dresses, and I looked round, supposing these things to be the sign of
the return of Mrs. Nettlepoint and her handmaiden, bearing the
refreshment prepared for her son. What I saw however was two other
female forms, visitors just admitted apparently, who were ushered into
the room. They were not announced--the servant turned her back on them
and rambled off to our hostess. They came forward in a wavering,
tentative, unintroduced way--partly, I could see, because the place was
dark and partly because their visit was in its nature experimental, a
stretch of confidence. One of the ladies was stout and the other was
slim, and I perceived in a moment that one was talkative and the other
silent. I made out further that one was elderly and the other young and
that the fact that they were so unlike did not prevent their being
mother and daughter. Mrs. Nettlepoint reappeared in a very few minutes,
but the interval had sufficed to establish a communication (really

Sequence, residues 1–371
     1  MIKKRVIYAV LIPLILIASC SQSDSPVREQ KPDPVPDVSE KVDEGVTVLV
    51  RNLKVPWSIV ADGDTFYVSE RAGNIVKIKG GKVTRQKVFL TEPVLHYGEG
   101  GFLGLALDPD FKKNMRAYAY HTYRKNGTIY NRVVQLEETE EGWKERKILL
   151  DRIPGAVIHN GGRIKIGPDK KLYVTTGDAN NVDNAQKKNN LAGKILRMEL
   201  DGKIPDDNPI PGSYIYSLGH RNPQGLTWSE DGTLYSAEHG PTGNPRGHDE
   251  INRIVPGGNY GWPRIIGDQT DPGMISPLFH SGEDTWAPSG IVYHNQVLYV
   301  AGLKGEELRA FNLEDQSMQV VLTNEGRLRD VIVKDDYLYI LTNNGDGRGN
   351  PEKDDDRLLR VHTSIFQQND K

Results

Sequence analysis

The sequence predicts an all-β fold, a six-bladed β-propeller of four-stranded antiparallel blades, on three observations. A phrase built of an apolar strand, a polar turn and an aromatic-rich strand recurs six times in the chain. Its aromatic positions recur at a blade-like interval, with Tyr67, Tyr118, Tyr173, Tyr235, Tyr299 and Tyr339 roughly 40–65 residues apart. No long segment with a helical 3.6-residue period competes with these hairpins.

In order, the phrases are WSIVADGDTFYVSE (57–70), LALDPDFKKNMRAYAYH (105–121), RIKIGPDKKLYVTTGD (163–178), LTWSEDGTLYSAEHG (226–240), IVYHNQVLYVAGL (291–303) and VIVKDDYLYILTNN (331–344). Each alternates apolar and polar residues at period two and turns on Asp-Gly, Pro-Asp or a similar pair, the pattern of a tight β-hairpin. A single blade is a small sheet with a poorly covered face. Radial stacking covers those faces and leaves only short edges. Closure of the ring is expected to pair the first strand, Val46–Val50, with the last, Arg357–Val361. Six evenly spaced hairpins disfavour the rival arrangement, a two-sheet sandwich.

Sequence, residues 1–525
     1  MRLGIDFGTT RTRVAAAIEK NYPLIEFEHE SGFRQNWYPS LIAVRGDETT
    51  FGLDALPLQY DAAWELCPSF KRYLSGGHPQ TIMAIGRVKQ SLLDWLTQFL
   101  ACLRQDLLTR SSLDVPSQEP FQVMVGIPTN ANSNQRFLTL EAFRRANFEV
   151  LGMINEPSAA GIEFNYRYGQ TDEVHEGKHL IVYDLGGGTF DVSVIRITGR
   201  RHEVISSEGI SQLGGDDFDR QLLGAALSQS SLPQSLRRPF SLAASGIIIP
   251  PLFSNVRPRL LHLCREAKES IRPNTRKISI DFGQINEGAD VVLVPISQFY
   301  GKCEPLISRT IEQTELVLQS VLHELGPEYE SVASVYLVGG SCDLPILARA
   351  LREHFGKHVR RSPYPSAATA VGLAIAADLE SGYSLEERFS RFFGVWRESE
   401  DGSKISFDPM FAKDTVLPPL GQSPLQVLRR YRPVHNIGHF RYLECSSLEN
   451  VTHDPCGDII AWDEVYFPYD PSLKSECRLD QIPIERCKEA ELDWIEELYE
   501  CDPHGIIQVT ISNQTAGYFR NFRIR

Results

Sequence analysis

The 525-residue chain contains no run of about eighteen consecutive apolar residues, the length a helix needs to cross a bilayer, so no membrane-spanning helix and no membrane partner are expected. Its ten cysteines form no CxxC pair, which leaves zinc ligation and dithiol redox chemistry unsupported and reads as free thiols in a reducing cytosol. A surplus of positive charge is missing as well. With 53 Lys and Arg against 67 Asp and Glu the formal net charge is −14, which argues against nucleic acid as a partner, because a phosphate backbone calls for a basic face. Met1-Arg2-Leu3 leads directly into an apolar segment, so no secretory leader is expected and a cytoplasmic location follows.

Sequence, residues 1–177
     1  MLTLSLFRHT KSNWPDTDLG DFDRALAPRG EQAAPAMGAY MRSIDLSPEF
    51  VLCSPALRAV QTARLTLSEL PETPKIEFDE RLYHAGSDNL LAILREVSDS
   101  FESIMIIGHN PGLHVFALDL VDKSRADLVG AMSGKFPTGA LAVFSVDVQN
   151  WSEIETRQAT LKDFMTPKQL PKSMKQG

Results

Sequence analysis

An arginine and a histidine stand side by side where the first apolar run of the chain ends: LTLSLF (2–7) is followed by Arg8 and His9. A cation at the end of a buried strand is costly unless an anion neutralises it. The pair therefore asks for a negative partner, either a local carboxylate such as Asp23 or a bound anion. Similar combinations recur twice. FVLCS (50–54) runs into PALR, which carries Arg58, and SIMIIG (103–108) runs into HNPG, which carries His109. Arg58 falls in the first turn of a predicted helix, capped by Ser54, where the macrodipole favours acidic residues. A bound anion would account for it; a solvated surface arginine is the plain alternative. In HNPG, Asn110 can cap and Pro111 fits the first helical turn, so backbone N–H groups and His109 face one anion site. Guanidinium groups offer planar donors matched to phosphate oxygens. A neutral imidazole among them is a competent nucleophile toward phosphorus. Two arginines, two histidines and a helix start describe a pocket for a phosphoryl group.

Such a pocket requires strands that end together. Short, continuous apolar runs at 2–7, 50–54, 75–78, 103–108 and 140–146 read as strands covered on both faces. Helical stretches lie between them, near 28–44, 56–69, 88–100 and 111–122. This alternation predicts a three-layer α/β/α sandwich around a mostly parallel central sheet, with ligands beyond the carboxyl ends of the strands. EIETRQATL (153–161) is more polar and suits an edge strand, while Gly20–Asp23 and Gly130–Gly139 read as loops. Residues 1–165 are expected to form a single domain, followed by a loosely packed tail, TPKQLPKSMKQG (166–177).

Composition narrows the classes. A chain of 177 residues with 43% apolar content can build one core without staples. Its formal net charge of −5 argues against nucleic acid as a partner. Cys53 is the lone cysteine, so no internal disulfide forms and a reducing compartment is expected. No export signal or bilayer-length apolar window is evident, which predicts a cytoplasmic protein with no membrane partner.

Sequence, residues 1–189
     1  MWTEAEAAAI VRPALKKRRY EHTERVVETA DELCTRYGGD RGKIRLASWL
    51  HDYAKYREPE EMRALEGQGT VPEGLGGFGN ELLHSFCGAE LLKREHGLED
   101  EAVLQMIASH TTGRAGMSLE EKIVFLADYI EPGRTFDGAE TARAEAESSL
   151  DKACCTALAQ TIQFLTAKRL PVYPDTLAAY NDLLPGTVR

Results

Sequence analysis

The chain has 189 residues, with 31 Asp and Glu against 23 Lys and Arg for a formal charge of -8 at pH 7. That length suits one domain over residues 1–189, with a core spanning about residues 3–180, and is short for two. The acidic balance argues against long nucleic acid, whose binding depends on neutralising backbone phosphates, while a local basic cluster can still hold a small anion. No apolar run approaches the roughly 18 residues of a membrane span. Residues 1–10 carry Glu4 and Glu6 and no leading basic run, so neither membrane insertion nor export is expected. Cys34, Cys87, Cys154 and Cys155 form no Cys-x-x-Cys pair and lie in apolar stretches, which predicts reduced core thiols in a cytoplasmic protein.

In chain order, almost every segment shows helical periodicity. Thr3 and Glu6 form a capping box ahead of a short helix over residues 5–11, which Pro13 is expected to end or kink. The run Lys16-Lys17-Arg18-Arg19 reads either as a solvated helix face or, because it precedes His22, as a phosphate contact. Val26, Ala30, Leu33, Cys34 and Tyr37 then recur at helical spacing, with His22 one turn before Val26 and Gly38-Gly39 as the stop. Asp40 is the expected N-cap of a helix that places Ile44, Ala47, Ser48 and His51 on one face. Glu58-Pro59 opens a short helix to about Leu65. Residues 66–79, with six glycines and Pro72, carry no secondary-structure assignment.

copious for the occasion) between the strangers and the unknown
gentleman whom they found in possession, hat and stick in hand. This was
not my doing (for what had I to go upon?) and still less was it the
doing of the person whom I supposed and whom I indeed quickly and
definitely learned to be the daughter. She spoke but once--when her
companion informed me that she was going out to Europe the next day to
be married. Then she said, 'Oh, mother!' protestingly, in a tone which
struck me in the darkness as doubly strange, exciting my curiosity to
see her face.

It had taken her mother but a moment to come to that and to other things
besides, after I had explained that I myself was waiting for Mrs.
Nettlepoint, who would doubtless soon come back.

'Well, she won't know me--I guess she hasn't ever heard much about me,'
the good lady said; 'but I have come from Mrs. Allen and I guess that